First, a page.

Whether it’s to get a student loan, get hired, or place an elderly loved one in a care home, people often have no choice but to sign contracts with forced arbitration clauses that make sure a day in court never comes. Instead of court, disputes are settled in arbitration, and the arbitrators often consider the corporations to be their clients.
Today at the Capitol, a diverse group of representatives took to the House Floor to discuss forced arbitration and the harm it does to individuals across the country. For a full hour on the Floor—a rare level of focus for a single topic in this venue—the group discussed common abuses of arbitration law, pending legislation, increased public awareness, and a number of federal regulations aimed at curtailing forced arbitration.
According to Representative Hank Johnson of Georgia, a member of the House Judiciary Committee and the leader of the session, “buried in the fine print of everything from consumer contracts and employee handbooks to nursing home agreements, forced arbitration clauses insulate corporations from accountability by eliminating access to the courts for untold consumers and workers.”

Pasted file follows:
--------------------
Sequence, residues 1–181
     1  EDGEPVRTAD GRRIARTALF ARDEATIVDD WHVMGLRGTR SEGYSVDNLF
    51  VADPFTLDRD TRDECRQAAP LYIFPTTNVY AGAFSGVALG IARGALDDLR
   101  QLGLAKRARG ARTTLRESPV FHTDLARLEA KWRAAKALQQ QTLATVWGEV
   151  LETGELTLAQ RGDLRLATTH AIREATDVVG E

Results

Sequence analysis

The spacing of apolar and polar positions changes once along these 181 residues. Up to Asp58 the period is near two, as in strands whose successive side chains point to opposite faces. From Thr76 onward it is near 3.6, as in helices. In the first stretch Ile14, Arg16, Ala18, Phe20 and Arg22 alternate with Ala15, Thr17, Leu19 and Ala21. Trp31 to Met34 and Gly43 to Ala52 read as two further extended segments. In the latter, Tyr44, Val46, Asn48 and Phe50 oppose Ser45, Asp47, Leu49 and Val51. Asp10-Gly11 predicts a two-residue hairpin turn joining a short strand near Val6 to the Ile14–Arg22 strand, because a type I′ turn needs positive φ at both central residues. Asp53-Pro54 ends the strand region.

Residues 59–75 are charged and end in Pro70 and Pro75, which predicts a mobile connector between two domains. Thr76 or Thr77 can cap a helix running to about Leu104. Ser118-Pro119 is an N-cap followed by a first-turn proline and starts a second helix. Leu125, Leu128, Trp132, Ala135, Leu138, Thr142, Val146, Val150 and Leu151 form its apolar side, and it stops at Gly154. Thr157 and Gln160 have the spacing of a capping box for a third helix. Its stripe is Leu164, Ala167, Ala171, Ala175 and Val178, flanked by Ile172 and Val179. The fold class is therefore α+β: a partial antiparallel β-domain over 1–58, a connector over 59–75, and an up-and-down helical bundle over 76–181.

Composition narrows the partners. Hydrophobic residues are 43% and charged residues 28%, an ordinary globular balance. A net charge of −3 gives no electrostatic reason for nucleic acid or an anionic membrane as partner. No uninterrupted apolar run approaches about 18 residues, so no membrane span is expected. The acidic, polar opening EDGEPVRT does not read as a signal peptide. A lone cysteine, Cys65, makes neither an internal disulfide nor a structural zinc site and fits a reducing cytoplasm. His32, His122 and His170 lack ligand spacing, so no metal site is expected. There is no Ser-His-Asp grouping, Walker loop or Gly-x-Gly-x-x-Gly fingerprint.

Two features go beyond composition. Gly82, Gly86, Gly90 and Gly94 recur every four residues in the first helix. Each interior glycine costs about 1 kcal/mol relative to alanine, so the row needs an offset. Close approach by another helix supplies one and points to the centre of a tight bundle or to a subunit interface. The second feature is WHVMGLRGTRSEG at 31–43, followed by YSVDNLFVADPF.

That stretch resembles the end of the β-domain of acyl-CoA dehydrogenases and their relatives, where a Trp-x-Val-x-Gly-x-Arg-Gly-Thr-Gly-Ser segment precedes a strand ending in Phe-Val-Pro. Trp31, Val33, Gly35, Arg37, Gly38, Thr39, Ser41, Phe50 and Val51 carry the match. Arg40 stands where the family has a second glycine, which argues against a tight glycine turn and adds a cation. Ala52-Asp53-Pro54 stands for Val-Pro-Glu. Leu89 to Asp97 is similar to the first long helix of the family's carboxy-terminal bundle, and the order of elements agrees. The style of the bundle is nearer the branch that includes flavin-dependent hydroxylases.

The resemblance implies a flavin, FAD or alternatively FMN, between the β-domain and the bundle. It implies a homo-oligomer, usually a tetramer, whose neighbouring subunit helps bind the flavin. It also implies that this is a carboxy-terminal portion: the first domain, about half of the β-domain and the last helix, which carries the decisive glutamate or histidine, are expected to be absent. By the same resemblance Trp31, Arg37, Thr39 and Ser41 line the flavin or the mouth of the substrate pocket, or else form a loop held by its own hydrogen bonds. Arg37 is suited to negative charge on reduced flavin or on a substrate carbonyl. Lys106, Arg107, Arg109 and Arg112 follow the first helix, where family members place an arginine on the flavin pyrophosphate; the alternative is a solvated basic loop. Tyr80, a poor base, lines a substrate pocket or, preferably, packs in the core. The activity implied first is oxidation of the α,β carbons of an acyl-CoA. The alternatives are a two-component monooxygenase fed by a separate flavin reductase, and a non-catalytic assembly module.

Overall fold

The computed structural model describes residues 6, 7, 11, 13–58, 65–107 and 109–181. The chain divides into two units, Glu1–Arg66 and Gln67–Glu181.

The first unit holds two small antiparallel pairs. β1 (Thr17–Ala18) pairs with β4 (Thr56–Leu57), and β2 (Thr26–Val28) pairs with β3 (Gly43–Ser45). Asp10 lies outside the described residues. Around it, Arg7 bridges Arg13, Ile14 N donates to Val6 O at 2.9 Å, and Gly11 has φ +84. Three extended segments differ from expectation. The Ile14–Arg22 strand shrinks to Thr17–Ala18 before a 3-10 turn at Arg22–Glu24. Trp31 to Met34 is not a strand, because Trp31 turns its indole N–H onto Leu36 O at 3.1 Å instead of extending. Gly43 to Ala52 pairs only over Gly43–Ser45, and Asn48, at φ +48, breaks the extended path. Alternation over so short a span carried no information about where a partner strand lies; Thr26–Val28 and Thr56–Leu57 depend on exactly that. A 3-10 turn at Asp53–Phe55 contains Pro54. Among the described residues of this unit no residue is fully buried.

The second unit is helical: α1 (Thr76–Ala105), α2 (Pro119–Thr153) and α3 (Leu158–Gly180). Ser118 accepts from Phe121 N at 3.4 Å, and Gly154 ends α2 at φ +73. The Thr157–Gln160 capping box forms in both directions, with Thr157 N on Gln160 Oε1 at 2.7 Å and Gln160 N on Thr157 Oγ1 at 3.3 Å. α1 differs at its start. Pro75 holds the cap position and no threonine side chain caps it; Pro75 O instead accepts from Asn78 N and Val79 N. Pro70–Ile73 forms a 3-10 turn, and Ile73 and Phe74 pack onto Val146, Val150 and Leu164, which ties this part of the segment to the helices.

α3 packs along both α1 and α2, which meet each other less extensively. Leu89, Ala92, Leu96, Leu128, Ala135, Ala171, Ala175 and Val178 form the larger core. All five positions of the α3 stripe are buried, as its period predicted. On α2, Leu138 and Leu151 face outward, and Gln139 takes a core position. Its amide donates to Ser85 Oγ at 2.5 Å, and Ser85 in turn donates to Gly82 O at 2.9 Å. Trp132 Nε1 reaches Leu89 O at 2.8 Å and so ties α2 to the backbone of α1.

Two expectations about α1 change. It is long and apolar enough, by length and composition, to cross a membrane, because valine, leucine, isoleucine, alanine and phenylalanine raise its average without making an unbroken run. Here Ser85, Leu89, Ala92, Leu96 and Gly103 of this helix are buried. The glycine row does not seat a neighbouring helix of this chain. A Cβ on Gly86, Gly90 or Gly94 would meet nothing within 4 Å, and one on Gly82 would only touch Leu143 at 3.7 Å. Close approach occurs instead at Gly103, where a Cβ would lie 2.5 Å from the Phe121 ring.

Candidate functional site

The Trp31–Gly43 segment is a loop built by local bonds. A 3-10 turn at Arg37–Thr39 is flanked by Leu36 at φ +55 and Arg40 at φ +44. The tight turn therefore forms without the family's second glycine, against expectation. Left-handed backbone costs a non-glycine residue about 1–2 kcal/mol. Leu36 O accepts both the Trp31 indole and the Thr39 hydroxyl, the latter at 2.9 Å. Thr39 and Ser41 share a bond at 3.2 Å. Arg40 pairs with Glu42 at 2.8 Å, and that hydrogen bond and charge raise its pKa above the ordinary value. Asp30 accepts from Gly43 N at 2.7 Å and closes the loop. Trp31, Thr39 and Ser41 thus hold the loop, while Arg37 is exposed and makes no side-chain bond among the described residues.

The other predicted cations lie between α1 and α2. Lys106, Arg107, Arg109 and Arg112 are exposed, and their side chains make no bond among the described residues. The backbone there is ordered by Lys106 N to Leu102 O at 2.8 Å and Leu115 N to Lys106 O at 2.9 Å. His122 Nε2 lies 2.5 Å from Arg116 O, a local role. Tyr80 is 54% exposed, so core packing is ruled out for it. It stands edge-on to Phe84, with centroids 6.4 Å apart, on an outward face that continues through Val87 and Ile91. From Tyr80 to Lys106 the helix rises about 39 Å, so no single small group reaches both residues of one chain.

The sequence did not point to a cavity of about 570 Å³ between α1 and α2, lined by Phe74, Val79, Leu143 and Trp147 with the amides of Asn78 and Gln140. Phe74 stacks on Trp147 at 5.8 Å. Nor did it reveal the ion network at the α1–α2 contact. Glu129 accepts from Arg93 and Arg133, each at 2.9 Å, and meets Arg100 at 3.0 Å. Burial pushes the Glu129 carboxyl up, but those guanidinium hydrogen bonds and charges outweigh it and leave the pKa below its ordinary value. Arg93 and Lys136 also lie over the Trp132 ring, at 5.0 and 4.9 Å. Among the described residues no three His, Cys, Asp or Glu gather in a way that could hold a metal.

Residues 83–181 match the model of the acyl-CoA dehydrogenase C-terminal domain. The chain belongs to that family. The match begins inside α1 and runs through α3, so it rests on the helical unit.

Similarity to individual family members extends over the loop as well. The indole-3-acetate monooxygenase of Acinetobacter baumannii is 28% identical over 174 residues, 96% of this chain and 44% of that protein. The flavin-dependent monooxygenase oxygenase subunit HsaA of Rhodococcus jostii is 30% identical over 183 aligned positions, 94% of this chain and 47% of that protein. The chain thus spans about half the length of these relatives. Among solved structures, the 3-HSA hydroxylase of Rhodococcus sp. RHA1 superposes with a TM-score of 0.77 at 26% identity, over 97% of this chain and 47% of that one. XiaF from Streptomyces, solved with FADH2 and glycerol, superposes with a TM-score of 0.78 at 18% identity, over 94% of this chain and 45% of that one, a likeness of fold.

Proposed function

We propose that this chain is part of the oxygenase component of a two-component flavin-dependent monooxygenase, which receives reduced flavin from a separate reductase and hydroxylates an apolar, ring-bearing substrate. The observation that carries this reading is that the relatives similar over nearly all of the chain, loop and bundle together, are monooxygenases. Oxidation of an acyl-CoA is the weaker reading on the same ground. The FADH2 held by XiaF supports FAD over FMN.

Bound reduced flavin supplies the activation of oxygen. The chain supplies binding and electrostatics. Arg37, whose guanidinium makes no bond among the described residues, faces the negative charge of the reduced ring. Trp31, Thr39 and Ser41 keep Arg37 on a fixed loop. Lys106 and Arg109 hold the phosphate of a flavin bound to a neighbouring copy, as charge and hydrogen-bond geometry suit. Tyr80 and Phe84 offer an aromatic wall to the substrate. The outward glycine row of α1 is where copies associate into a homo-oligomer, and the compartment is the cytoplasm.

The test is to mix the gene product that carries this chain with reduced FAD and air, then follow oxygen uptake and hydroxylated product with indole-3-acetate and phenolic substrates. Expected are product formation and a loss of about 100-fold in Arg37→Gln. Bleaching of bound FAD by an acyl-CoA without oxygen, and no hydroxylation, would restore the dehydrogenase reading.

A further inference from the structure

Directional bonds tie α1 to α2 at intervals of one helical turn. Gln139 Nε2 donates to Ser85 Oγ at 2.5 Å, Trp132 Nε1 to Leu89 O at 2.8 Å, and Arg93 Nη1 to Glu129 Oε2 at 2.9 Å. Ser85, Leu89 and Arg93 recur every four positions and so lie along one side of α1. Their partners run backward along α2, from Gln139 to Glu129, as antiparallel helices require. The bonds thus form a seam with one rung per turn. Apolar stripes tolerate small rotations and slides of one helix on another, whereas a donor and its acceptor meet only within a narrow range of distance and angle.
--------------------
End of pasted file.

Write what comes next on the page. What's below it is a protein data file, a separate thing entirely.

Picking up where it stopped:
Mr. Johnson introduced a bill this week to prevent civil rights cases from being subjected to mandatory arbitration. The bill includes discrimination cases. Women trying to fight gender discrimination at the workplace would benefit especially from the legislation’s passage, said Mr. Johnson, because arbitration clauses are devastating to their cause.
We at the firm hope this will be the beginning of the end for forced arbitration. If you agree, please show your support and sign this petition to Stop Nursing Homes from Using Forced Arbitration to Deny Residents’ Rights.